18. Tips & Tricks in Schoology #2 – Holmberg
  19. Science PD Series
  20. EdPuzzle – Brian Jerger
  21. Classroom Management with Technology #2 – Holmberg
  22. Assessment Strategies Through Schoology #2 – Holmberg
  23. iPad Basic Maintenance / Troubleshooting Level 2 – Boehm

In early April, Barabasz led a session on using “Google Forms for Class Data Collection” while Math Dept. colleague Kevin Roche ’05 is coordinating the Spring Book Club. Pendleton and Boehm then wrap up this school year with “Differentiated Instruction” and “Apple Classroom Level 2,” respectively.

PD Leader Mr. Alex Holmberg (at right, Fenwick Class of 2005) helps to “train” social studies colleague Brian Jerger.

“I try to run sessions with practical take-aways for teachers to immediately use in their classrooms, regardless of subject area or grade level,” explains fellow PD leader and Social Studies Dept. Chair Alex Holmberg ’05, who also is Fenwick’s Director of Clubs and Activities. “I’ve also tried to tailor specific PD sessions to address needs brought up from our end-of-year iPad Survey last school year. One of the positive aspects of the model of PD that we use is that it allows teachers to present on topics that they see as learning opportunities in their classrooms throughout the school year.”

“It has changed the way I manage my classroom.” – Brian Jerger

Participant and fellow Social Studies Teacher Brian Jerger adds: “The Apple Classroom presentation by Tim Menich has afforded me an easy, hands-off deterrent that has helped curb iPad abuse/distractions in class. It has changed the way I manage my classroom.”

Mr. Brian Jerger teaches U.S. History and Western Civilization at Fenwick.

Mr. Jerger, who joined Fenwick in 2017, also enjoyed Laura Pendleton’s Book Club presentation. “It provided a setting for teachers to come together and discuss the interesting methods, techniques and philosophies we all utilize in our classrooms,” he says. “In that same vein, I think the greatest benefit of the Professional Development series is it exposes the faculty to all the interesting work we are doing in the classroom that we do not normally get to see from each other. Due to all the ways in which teachers are pulled and stressed for time (and our humble natures), it is incredibly easy for us to get trapped in our own individual silos leaving us unaware of the great work our colleagues are doing. The Professional Development series pulls back that curtain, to some degree, and allows us to share some of this great work with one another.”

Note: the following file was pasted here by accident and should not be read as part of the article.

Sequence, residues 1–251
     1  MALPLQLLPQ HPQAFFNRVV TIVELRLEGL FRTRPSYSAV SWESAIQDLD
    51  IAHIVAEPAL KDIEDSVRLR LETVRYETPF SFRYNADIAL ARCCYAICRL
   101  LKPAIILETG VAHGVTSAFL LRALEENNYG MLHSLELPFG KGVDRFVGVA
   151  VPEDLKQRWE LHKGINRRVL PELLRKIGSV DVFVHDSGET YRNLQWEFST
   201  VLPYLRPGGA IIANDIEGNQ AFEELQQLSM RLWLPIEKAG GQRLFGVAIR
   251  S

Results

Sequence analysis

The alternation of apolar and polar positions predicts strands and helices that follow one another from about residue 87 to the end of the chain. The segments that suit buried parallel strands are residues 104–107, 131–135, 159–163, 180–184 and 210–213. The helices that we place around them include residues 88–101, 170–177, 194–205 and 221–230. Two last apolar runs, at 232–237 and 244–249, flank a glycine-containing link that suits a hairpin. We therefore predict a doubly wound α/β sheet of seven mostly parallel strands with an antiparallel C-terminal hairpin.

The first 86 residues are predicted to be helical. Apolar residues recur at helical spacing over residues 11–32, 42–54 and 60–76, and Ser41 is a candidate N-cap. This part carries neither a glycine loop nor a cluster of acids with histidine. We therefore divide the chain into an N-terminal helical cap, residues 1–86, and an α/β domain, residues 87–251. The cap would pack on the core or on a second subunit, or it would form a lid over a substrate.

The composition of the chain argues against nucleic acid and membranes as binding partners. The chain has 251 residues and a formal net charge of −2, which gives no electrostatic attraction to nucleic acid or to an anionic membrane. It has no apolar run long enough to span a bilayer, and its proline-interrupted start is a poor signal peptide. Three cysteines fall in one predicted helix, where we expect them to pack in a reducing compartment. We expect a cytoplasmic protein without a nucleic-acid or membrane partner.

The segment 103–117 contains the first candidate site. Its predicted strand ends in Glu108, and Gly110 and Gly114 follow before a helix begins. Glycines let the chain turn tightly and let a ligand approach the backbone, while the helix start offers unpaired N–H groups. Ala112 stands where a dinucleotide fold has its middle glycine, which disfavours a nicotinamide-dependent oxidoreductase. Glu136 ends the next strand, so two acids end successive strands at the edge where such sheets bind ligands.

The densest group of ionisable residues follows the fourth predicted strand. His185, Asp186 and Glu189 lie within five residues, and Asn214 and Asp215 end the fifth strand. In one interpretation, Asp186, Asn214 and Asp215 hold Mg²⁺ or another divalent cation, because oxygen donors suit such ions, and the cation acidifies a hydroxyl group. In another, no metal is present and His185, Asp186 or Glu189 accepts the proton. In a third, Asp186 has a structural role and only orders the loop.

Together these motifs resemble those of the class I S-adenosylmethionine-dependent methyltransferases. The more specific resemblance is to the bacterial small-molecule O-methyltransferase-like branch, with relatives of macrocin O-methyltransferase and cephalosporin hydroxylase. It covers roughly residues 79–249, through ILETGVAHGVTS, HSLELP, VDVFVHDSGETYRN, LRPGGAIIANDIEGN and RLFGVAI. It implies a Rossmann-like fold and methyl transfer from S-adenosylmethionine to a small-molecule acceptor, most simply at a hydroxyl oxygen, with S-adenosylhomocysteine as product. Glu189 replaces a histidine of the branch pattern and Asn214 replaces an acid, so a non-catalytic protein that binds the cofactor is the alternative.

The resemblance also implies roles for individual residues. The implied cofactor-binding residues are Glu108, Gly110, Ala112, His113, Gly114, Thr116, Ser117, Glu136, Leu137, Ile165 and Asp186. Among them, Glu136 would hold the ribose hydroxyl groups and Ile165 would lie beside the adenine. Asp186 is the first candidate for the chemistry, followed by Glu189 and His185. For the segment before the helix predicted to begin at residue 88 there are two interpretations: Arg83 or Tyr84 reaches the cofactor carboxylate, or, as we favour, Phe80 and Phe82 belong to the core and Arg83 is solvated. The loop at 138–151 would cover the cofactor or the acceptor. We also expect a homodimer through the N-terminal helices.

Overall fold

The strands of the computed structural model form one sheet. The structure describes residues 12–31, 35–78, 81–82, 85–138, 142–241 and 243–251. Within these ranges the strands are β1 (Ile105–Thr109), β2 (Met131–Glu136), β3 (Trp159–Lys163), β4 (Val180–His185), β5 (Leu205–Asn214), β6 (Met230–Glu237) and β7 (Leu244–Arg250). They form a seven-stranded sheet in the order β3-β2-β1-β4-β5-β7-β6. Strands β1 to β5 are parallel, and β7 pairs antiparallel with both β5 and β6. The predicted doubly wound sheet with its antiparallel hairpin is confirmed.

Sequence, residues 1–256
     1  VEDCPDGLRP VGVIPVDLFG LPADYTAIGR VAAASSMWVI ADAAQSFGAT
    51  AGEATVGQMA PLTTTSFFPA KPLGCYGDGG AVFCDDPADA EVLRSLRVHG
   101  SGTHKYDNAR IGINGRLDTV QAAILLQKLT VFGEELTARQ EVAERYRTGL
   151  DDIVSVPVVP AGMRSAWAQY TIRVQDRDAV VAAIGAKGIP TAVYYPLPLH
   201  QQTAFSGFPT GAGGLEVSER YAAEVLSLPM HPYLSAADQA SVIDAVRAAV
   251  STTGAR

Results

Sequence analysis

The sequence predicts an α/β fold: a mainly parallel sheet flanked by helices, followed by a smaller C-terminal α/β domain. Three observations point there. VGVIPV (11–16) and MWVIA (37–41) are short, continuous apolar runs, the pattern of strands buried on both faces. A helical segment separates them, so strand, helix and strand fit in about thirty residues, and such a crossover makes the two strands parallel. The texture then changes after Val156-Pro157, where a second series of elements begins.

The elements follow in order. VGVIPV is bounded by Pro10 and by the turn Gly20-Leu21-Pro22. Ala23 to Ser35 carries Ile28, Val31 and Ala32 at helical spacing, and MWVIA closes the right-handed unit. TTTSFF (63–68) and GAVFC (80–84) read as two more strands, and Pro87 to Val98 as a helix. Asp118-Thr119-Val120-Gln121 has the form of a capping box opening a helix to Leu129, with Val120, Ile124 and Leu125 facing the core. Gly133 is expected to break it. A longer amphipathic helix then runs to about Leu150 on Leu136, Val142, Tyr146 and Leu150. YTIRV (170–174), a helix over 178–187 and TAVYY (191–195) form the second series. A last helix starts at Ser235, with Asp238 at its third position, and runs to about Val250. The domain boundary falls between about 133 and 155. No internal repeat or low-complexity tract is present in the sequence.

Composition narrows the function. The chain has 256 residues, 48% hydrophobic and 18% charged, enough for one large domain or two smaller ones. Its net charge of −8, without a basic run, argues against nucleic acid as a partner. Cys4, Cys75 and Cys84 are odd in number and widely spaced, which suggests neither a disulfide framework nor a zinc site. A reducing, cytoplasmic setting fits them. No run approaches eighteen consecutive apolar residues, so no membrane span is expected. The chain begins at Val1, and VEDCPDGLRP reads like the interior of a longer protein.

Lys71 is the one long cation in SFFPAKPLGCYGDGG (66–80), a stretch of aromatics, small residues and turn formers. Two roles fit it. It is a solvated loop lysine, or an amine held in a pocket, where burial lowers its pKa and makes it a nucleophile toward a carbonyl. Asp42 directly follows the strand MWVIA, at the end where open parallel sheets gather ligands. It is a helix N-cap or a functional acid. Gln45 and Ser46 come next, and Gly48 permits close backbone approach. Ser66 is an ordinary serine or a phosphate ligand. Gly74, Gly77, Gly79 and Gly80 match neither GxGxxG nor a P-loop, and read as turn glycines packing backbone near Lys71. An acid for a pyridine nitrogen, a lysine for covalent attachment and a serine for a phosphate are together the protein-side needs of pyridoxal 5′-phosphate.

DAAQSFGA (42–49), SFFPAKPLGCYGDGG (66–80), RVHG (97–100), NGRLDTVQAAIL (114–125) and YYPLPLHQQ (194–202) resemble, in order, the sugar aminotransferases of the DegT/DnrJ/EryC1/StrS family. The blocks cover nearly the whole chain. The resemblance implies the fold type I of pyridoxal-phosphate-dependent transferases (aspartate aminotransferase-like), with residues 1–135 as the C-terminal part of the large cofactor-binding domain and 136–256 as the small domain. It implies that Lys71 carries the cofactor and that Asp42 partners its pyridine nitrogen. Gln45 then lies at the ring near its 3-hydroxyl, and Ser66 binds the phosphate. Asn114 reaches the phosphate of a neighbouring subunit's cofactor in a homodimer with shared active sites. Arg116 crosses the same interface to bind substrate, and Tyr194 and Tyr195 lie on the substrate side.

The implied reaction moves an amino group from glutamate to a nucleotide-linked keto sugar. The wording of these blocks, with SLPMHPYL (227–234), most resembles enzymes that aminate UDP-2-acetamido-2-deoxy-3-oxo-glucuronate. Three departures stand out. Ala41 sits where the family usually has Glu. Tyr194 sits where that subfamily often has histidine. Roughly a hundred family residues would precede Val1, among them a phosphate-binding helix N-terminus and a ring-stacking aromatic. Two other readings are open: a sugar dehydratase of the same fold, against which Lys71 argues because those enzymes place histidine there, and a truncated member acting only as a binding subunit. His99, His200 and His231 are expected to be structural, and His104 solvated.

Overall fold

Continue reading “Continuous Learning for Fenwick Faculty and Staff”

Baseball Alumni Playing in College

19 of Coach Hogan’s boys are running the bases at the next level.

FENWICK FACT: 19 Friars’ alumni student-athletes are playing baseball collegiately this spring. Ian Crowell ’16 (not pictured) is a pitcher from Elmhurst who plays for the Boston University Terriers’ Club Team. Three others also are not pictured:
  • Oak Parker Zack Pacer ’17, an outfielder for the Illinois Institute of Technology’s Scarlet Hawks.
  • Owen Wauun ’18, a catcher from Western Springs who plays for the DePauw University Tigers out of Greencastle, Indiana.
  • KJ Slepicka ’18 (River Forest), is a pitcher/outfielder for the Rose-Hulman Institute of Technology’s Fightin’ Engineers in Terre Haute, Indiana.Here are the other former Friars players still playing:
Class of 2015

Quinn Snarskis (Chicago), Pitcher –  University of Illinois

Kevin Forde (Western Springs), Pitcher  – St. Joe’s/ Valparaiso (injured)

Justin Rodriguez (Wood Dale), Catcher – Concordia University of Chicago (River Forest) 

Class of 2016